Timothy Merrick House, Wilbraham Mass

The Timothy Merrick House on Main Street in Wilbraham, probably sometime in the late 1800s. Photo courtesy of the Wilbraham Public Library.

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The same location in 2015:



Massachusetts is home to only two species of venomous snakes: the timber rattlesnake and the northern copperhead.  Both are exceedingly rare in the state, but they must have been more common in Wilbraham in the past, as they make several appearances into town lore. This house was built around 1761 for Timothy Merrick, the only son of my 6th great grandfather, Thomas Merrick.  Merrick was engaged to Sarah Lamb, and they were to live in this house after their marriage.  However, according to the records of the town clerk, Samuel Warner (who was also my 6th great grandfather, from a different branch of the family):

Timothy, son of Thomas Mirick and Mary Mirick, was Bit By a Ratel Snake one Aug. the 7th, 1761, and Dyed within about two or three ours he being twenty two years two months and three Days old and vary near the point of marridge.

Merrick’s death is believed to be the last recorded fatal snake bite in Massachusetts history, but even if not it is certainly the most famous.  Because of the tragic nature of the story, this event formed the basis for one of the earliest American ballads, “On Springfield Mountain.”  It was written in the late 1700s or early 1800s, and there are many different versions of this song, some of which include a number of embellishments beyond what Warner wrote in the town records.  One such version, recorded in the 1964 History of Wilbraham book, is asserted to be the original Merrick family version:

On Springfield Mountain there did dwell
A likely youth was known full well
Lieutenant Mirick’s only son
A likely youth nigh twenty one

One Friday morning he did go
Into the medow for to mow
A round or two and he did feel
A pisin sarpent at his heel

When he received his deadly wound
he dropt his sithe apon the ground
And strate for home was his intent
calling aloude still as he went

O Molly Molly Molly dear
come see this pesky sarpent here
Tho all around his voice was heered
none of his friends to him apiered

So soon his carful father went
to seek his son with discontent
And there his onley son he found
ded as a stone apon the ground

His father vieude his track with consarn
where he had rund across the corn
Uneven tracks where he did go
appeared to stagger to and fro

And there he lay suppose to rest
with both his hands acrost his brest
His mouth and eyes were closed fast
and there poor man he slept his last

The seventh of August sixty one
this fatal axsident was done
let this a warning be to all
to be prepared when God doth call.

Today, as seen in the second photo, Timothy Merrick’s house is gone; it burned in 1955 was was replaced soon after with a modern house.  The location of the snake bite has not been conclusively identified, but it was across Main Street and a little to the south of the house, which would place it right along the present-day Hampden-Wilbraham border.  This area is now a suburban residential development, and the History of Wilbraham book places the location at around the spot where Oakland Street crosses a small stream.  Although both the house and the farmland that Merrick was once mowing are now gone, there are still a few reminders around town.  Behind the location of the Merrick house is the Pesky Sarpent Conservation Area, and further up the hill is a rocky outcropping called Rattlesnake Peak.  Timothy Merrick’s gravestone can also still be seen, in the Adams Cemetery on Tinkham Road.  There is no direct mention of the rattlesnake on the stone, but the epitaph, taken from Job 14:2, seems appropriate for the sudden, tragic death of a young man: “He cometh forth like a flower and is cut down.  He fleeth also as a Shadow and continueth not.”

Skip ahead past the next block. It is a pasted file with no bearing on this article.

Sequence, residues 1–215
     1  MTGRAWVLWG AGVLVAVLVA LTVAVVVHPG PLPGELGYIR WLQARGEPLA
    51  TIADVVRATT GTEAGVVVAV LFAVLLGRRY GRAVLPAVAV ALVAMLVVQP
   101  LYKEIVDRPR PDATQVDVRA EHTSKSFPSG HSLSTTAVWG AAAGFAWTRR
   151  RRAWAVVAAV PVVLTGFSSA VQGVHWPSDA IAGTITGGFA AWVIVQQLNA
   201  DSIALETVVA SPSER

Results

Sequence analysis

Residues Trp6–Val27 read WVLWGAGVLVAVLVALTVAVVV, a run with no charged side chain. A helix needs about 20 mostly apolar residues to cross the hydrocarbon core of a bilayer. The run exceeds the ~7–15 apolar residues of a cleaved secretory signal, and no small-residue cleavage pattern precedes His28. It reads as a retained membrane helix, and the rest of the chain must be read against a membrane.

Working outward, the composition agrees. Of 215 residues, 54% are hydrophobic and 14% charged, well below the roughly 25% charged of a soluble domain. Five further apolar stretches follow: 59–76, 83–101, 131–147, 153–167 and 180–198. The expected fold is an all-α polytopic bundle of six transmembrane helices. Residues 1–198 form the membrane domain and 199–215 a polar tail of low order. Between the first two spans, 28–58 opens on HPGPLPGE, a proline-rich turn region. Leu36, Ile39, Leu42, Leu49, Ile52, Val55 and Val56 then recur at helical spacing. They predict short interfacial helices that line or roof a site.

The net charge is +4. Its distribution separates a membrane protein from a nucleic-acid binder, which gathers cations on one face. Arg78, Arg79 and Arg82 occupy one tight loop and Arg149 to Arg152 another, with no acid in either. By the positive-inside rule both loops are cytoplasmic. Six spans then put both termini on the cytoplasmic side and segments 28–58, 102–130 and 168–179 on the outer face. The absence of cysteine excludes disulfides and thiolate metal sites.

1 thought on “Timothy Merrick House, Wilbraham Mass”

  1. I am researching the histories of Merricks as members of the Wilbraham Methodist Church in the late 18th and 19th century. Most Merricks were members of the First Church (Congregational) in those years and although I know of 2 , Judge John Marshall Merrick and his daughter who were prominent Methodists in the 19th and 20th centuries, I have yet to find membership records for Wilbraham’s Methodist Church.

    I am also interested in Reverend Noah Merrick and his son’s involvement in slavery and the history of Merricks who were abolitionists or held anti-slavery beliefs. The last likely is not recorded although I have learned a lot about American Methodism and abolistionism.

    I am also wondering if Llwellyn Merrick has passed away and who in the family or others might been good sources on the history of the family.

    All of this because I am writing about the letters of a 19th century Northampton farmer, abolitionist and ’49er, Charles G. Starkweather, who’s mother was Almira Lucina Merrick. Charles also married a Merrick, Sophronia Warriner Merrick. Both were from Wilbraham.

    Thanks so much for any information you can help me with.

    Elizabeth Sheehan


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